In the UK, there are three different heating benefits to support us and the person we care for through winter. Each with their own eligibility criteria. Find out if you’re eligible and how to apply.


Free annual gas checks

If the person we care for is in receipt of a disability benefit, they may also be entitled to a free annual gas safety check.


Grants to help with energy debts

If we’re in debt to our energy supplier, energy providers such as British Gas offer Independent Advice and support. Our energy supplier may be able to offer grants so it’s worth checking with them. For example, British Gas Energy Trust offers grants schemes that are open to everyone even if we’re not a customer.

View the list of other energy suppliers that are offering grants.

Help with paying the water bill

The Big Difference Scheme can offer those of us who are Severn Trent customers with incomes below £21,048 a reduction on our water bills.


Watersure is another scheme that helps those who use a lot of water due to medical conditions, with the water bills. To apply, we must be receiving an eligible benefit

Council tax
Gas and electric

Financial help with debt

If we find ourselves in a difficult situation regarding our finances, here are some useful resources that may help;

  • StepChange is a debt charity that provides free debt advice online, supporting you throughout the entire process.

  • National Debt Line offers debt management advice, which covers advice on many situations such as utility arrears, council arrears or overdrafts.

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Help with healthcare costs

1. Funding for NHS Continuing Healthcare

If the person we are caring for has a long-term complex health need, the NHS may be able to fund for the continuing healthcare. How much funding we get will vary for everyone and depends on the needs of the person we care for.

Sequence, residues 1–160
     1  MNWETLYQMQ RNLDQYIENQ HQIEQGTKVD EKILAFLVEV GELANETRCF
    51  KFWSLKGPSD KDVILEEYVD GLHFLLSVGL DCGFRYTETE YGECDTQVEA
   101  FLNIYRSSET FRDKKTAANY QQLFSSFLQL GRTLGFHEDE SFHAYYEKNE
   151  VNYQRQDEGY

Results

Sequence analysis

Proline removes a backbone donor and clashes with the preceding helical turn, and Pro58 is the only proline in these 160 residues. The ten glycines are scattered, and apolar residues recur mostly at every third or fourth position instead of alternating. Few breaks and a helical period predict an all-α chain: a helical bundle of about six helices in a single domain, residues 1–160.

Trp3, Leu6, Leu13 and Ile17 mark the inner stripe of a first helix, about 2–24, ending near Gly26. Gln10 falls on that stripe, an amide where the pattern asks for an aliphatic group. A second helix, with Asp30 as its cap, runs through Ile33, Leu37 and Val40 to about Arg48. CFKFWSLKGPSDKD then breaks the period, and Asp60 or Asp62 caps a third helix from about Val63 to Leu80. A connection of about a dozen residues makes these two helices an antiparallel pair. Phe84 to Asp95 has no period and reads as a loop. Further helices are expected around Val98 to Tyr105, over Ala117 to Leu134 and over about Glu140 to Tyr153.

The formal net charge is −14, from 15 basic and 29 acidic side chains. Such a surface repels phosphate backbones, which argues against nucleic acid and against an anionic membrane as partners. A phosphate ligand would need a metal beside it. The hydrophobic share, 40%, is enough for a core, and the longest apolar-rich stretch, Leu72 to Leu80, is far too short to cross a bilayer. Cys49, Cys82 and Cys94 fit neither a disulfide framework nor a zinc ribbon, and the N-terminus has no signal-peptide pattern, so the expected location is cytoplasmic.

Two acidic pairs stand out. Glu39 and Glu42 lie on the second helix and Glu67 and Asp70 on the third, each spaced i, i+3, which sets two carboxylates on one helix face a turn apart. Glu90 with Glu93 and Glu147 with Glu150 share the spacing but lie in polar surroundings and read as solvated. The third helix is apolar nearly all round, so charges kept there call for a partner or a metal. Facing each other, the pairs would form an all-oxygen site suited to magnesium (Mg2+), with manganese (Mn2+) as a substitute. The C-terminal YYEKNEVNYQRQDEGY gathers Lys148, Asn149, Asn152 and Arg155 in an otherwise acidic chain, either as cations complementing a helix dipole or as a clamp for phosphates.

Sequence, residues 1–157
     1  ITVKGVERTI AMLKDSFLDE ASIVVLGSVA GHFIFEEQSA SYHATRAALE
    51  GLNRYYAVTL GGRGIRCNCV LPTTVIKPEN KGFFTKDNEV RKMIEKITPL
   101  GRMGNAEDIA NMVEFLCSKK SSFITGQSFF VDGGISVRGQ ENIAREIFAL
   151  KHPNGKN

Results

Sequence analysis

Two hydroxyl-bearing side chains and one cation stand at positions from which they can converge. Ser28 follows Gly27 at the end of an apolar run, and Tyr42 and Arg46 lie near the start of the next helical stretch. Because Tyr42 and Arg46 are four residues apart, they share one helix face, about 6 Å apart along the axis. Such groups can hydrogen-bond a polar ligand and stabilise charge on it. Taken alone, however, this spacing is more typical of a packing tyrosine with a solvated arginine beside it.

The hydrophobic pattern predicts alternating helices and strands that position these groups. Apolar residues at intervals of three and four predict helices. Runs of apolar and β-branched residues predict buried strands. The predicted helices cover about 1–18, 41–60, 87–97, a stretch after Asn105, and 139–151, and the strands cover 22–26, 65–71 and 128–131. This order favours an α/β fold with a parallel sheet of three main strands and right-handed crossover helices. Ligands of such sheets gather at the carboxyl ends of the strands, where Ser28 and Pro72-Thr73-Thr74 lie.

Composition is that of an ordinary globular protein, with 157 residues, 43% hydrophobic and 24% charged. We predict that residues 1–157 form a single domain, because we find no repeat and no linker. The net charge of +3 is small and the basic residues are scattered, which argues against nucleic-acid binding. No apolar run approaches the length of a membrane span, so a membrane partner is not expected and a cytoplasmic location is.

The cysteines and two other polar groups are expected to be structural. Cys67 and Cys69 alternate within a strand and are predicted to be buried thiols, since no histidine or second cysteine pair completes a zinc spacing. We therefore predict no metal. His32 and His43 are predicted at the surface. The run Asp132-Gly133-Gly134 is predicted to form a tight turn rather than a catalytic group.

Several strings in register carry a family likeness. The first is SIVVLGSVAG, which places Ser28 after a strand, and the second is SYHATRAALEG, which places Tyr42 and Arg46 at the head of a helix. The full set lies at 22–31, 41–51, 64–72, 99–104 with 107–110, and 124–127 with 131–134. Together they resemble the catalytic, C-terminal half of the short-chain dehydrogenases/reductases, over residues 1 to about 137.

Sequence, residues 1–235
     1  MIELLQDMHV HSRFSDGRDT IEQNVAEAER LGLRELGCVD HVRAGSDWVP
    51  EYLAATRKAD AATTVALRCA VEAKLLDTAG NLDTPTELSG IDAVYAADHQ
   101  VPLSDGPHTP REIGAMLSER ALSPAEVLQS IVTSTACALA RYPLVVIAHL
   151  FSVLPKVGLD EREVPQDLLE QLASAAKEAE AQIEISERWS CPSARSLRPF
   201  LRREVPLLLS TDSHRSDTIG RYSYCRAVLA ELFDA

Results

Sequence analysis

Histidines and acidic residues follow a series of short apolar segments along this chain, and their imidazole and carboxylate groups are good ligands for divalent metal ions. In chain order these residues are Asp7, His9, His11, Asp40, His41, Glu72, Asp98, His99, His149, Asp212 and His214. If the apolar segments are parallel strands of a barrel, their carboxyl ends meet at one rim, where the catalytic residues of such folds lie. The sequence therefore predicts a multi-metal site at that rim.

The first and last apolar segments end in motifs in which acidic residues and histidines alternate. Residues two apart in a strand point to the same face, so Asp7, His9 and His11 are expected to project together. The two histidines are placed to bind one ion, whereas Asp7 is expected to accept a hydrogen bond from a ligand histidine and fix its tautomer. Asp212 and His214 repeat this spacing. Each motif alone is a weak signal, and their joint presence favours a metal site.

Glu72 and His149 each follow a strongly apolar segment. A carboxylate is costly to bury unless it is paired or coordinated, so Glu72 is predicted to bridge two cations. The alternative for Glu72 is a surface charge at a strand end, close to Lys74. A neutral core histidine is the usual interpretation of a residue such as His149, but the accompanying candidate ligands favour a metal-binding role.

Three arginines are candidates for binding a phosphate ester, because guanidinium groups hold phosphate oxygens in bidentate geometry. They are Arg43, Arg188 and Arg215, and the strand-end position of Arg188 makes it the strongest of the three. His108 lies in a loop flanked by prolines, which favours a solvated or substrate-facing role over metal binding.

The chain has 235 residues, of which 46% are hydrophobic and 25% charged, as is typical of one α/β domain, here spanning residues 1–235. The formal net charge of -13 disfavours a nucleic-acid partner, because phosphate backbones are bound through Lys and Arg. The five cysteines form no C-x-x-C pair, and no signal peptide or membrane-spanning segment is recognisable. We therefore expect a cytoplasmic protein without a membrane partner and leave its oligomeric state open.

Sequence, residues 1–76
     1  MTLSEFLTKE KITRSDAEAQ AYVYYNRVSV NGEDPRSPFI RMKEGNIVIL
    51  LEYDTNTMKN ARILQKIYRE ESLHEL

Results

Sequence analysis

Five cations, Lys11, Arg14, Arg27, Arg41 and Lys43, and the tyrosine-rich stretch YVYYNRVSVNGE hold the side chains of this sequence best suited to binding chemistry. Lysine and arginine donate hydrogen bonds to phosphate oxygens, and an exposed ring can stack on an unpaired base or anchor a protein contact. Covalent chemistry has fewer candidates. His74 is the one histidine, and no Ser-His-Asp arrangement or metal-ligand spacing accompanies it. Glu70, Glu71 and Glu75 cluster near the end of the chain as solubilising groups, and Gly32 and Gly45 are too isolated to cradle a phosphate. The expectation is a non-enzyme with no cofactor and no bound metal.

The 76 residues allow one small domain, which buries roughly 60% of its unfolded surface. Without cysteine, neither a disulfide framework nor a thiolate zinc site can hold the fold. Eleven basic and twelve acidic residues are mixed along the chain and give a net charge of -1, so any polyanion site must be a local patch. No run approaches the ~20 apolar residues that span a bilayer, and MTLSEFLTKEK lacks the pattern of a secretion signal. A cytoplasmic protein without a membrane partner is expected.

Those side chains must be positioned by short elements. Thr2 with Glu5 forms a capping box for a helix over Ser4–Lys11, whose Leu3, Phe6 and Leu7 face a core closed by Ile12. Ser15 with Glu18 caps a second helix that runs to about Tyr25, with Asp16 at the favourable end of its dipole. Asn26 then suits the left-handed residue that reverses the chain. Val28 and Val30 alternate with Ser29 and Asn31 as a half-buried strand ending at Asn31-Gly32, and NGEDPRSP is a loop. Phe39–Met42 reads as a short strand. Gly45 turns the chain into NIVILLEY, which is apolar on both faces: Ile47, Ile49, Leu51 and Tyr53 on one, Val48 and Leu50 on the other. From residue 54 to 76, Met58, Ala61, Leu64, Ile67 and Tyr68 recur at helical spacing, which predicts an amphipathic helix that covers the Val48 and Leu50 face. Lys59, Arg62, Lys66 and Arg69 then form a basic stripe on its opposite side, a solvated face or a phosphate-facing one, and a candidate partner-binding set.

The UK Care Guide has a great introduction to NHS Continuing Healthcare.


2. Funding from your councils

Our carers’ guide to getting paid home care includes information on how our council can help us pay for a paid carer following a needs assessment.


Including, funding through Direct Payments and Personal Budgets (for things like gym memberships, relaxation classes, stress management classes, tools and materials for hobbies, or a new laptop to stay in touch with friends and family).


3. The NHS Low Income Scheme

The NHS Low Income Scheme covers prescription costs, dental costs, eye care costs or healthcare travel costs. We can apply to the scheme online or by post.


4. Funding for leaving the hospital homecare support

Our carer’s guide to leaving the hospital includes five different funds for free care after we bring the person we care for home from hospital. 


5. Free NHS Flu vaccinations for carers

When we register as a carer at our GP, (simply by filling in a carer’s registration form) we will be able to receive free flu vaccinations from pharmacies


In some cases, we can also receive free things, such as a dossette box with Simple Online Pharmacy, or free delivery with NHS prescriptions with Pharmacy2.

In fact our local pharmacy can help in lots of ways. Make sure you're making the most of the support your pharmacy can offer.

6. Free prescriptions 

If the person we are caring for meets any of these criteria, they may be able to get free prescriptions from the NHS. 


7. Disability-related expenses

If the person we care for has a mobility-related disability or ‘hidden disability', a Blue Badge can help in many ways. 

From being exempt from paying vehicle tax to 100% discount off congestion charge, take a look at our guide ‘Blue Badges, made simple’ to find out how a Blue Badge can benefit you and the person you care for.

Healthcare costs

Help with with legal costs for carers